227 news posts related to Climate

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Study synthesizes what climate change means for Northwest wildfires

Smoke plume from forest fire.

Recent years have brought unusually large and damaging wildfires to the Pacific Northwest – from the Carlton Complex Fire in 2014 that was the largest in Washington’s history, to the 2017 fire season in Oregon, to the 2018 Maple Fire, when normally sodden rainforests on the Olympic Peninsula were ablaze. Many people have wondered what this means for our region’s future. 

Read more at UW News »

UW Quad cherry blossoms expected to peak last week of March

Students walking through the Quad.

Note: Thousands of people usually visit campus each spring to see the cherry blossoms. The University is asking people to avoid coming to campus this year to comply with orders by Public Health – Seattle & King County and Gov. Jay Inslee that prohibit gatherings of more than 50 people as our region combats the spread of COVID-19. Stay tuned for virtual options to enjoy the blossoms this year, including UW Video’s live feed of the Quad below. ORIGINAL POST on March 5: A relatively mild winter in the Seattle area means the iconic cherry trees in the University of Washington Quad are on track for a typical bloom season.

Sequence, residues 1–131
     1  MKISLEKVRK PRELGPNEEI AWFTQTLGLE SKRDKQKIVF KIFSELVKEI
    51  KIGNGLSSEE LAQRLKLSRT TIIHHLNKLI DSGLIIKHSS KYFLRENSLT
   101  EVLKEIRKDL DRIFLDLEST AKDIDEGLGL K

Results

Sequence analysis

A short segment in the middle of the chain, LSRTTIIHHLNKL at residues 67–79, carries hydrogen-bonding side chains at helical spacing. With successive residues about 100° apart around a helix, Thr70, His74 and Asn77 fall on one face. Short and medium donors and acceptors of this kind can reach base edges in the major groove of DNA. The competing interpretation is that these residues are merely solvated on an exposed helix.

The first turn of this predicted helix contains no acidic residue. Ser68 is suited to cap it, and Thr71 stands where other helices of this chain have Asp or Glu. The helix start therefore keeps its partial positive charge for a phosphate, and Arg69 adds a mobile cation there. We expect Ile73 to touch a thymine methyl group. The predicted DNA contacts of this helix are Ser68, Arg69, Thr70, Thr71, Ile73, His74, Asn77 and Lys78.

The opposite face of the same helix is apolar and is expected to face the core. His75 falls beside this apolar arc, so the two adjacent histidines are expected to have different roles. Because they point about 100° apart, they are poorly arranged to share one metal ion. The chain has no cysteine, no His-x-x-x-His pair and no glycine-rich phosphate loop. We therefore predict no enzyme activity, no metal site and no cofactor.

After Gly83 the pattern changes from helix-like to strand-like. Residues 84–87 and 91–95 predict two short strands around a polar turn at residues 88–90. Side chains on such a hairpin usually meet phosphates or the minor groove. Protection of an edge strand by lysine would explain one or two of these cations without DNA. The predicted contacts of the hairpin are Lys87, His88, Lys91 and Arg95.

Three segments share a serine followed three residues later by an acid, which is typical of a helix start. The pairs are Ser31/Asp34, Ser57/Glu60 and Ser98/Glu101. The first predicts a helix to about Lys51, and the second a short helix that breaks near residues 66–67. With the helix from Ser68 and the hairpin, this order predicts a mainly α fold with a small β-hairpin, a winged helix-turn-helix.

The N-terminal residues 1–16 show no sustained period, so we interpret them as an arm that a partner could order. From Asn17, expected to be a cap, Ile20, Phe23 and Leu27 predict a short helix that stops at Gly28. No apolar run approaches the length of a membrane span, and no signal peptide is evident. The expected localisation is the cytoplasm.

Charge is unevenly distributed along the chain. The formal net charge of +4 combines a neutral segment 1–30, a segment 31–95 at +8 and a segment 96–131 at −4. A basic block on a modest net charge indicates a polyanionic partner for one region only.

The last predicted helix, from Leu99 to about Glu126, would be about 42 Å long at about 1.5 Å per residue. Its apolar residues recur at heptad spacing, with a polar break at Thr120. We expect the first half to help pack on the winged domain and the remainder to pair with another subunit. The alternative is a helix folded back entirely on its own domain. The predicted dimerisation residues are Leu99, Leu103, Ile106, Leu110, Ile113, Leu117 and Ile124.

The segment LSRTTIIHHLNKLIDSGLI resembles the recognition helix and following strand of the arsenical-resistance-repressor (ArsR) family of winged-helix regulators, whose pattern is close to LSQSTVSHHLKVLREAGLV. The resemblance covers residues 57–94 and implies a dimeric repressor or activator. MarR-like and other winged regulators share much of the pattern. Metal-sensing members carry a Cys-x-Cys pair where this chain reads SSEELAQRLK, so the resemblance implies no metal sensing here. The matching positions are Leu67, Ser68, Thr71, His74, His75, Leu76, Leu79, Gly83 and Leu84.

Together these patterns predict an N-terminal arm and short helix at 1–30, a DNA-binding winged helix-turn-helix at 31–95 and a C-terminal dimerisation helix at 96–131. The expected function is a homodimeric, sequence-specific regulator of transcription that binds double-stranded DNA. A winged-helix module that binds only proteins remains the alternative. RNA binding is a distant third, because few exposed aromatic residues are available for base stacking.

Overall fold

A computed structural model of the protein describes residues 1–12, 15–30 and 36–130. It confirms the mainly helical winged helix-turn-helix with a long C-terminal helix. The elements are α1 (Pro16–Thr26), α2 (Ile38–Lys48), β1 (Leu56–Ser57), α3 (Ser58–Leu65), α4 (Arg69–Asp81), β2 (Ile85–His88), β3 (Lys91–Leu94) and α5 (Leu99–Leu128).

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Thinning, prescribed burns protected forests during the massive Carlton Complex wildfire

Remains of a section of a forest burned by the Carlton Complex fire.

The 2014 Carlton Complex wildfire in north central Washington was the largest contiguous fire in state history. In just a single day, flames spread over 160,000 acres of forest and rangeland and ultimately burned more than 250,000 acres in the midst of a particularly hot, dry summer. The wildfire, driven by strong winds and explosive growth, was unprecedented in how it burned the landscape, destroying more than 300 homes in Washington’s Methow Valley. 

Read more at UW News »

New radar technology sheds light on never-before-seen Antarctic landscape

17,000 years ago, Seattle was covered by an ice sheet that stood over 3,000 feet tall (for reference, the current tallest building in Seattle, the Columbia Tower, is just under 937 feet). As the ice advanced and eventually receded, it carved massive valleys, mountains and lakes into the earth to create the glaciated land and seascape we recognize today. These landscapes not only remind us of the area’s ancient glacial past but also provide tools to understand and predict future patterns for glaciers. 

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What does a hot day in Bali have to do with a dry day in Seattle?

Rainy Pike Place market

Consider this: the U.S. West Coast has seen a decrease in rainfall between 1981-2018. UW scientists think a phenomenon called the Madden-Julian Oscillation (MJO) might be to blame. A stormy disturbance that occurs several times a year in the tropics, the MJO is similar to the El Nino Southern Oscillation, which is notorious for generating extreme winter weather in the Pacific Northwest. 

Read more at Nature »